Monday, July 3, 2017

Book Review: Dear Martin by Nic Stone (ARC)

There are not enough stars in the galaxy to give to this book. Thank you Nic Stone & Crown for giving #bookodyssey the chance to preview an ARC (Release: Oct 2017). If only we could require common reading for, well, everyone! As moving as it is heartbreaking, as inspiring as it is tragic and rage-inducing, may this book help us grapple with the questions and answers we all must face, together.

Quick Summary: Dear Martin tells the story of Justyce, an All-American high-school teen on top of it all. He's kind, friendly, smart, and hard-working. An Atlanta prep-school student, he is looking forward to his Ivy League Future that he's worked so hard for. But after being handcuffed and punched by a cop while trying to help his ex-girlfriend get home safely - his world shifts. While he did get released, afterwards he started to notice all these things he hadn't before. He doesn't fit in in his mostly-white upper-class prep school, and also feels out of place in his old neighborhood. He starts journaling to Dr. Martin Luther King to process and try to live the way he thinks Dr. King would if in his place. As Justyce continues his day-to-day, from debates in school classes to off-campus parties, from decisions about girls to his family (mom) back home- Justyce tries to act as Dr. King would, but it gets harder and harder with each passing slight. After continued incidents with classmates, things escalate in an incident with an off-duty copy... and you'll have to read for the rest.

Without sharing too much (you need to pre-order this, yesterday) here's a few things that make this book so incredible: 
  • Nic Stone's opening Dear Reader note. I'm talking a full-page origin story. It's so rare for authors to disclose feelings of vulnerability - thanks to this added gift, I feel like I know Nic and the heart of this book so much closer before even beginning.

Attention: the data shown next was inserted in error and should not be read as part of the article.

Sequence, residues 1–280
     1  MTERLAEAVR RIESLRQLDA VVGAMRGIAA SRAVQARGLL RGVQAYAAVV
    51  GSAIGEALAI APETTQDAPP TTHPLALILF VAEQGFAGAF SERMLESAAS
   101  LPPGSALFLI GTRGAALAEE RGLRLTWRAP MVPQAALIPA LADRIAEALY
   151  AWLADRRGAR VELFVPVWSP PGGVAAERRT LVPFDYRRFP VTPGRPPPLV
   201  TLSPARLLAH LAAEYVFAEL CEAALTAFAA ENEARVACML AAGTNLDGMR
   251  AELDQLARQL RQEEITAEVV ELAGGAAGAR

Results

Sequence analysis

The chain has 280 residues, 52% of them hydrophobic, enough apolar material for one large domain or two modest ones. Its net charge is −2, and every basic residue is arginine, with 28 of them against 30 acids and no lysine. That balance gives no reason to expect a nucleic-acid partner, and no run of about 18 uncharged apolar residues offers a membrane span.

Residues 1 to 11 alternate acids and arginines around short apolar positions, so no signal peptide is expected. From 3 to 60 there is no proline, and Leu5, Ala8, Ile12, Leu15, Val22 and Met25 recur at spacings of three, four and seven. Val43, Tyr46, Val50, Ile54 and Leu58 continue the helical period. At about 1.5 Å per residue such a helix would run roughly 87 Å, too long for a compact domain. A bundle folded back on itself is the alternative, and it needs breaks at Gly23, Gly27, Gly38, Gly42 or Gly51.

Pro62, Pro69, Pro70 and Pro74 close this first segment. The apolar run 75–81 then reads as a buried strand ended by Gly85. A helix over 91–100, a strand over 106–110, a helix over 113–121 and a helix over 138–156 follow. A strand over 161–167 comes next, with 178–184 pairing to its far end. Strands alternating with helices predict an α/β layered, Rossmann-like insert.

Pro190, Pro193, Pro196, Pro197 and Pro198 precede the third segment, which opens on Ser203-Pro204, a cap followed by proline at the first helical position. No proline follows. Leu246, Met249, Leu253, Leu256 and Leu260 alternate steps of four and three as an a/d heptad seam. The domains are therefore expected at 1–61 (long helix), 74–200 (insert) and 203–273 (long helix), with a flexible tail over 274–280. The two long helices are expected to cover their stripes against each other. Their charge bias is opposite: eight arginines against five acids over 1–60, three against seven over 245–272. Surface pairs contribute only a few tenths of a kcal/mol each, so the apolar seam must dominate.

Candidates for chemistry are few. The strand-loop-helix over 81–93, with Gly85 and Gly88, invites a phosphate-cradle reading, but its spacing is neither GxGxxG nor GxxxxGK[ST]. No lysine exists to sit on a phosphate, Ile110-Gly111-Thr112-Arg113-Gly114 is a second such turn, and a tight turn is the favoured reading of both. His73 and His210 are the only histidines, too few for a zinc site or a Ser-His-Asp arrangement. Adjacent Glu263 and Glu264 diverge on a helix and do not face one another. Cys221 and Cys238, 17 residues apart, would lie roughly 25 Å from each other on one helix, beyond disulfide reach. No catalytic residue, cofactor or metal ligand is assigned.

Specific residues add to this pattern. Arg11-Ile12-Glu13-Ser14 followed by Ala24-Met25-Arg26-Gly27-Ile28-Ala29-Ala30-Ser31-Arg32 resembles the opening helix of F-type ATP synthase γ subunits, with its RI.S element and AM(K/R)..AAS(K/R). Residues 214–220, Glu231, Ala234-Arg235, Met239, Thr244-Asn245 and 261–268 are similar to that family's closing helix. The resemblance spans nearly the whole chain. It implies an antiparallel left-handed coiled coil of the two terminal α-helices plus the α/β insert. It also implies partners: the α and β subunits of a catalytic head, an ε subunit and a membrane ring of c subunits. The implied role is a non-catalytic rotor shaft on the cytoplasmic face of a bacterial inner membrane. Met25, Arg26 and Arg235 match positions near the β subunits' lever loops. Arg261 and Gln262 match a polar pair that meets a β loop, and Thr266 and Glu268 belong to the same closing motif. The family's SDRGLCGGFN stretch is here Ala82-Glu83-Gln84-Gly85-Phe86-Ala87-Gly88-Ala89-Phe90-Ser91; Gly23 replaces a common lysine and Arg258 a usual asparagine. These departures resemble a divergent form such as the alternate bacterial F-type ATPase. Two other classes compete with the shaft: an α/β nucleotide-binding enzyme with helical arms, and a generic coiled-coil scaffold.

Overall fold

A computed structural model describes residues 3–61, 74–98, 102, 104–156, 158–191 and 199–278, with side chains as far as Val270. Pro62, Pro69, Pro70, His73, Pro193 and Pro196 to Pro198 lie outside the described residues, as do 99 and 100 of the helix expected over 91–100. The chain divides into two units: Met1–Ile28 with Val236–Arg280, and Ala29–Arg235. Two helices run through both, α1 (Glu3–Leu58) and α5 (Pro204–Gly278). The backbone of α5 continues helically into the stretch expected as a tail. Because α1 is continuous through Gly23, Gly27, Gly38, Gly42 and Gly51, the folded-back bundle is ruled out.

• Raw, Real, Tragic Time Capsule of America in 2017.  So often, people dance around a topic but Stone dives head-on: "Mama told him how to handle this type of situation, though he must admit he never expected to need the advice: Be respectful; keep the anger in check; make sure the police can see your hands..." (8) 
  • Justyce's self-reflection and awareness & Dear Martin Letters. Justyce's letters to Dr. King show us glimpses of his stream-of-consciousness and change of philosophy, far deeper than narration could. "I thought if I made sure to be an upstanding member of society, I'd be exempt from the stuff THOSE black guys deal with, you know? Really hard to swallow that I was wrong." (12) 
  • All the arguments. We don't just see Justyce's perspective. Through Doc's class debates (wow, what a teacher, by the way, I could write a whole post just about him!) you see the logic (failed logic) of so many of the arguments his racist classmates make. Echoing the many arguments you hear pundits use on TV, those who seem to think we're all 'equal' and the world is 'color-blind' - Stone in writing these debates and side comments deftly pries the ignorance of these statements apart, layer by layer, character by character. 

Get this in your hands, your friend's hands, your colleague's hands. This book y'all.  I'll be pre-ordering for my own copy... counting down to October 2017! 

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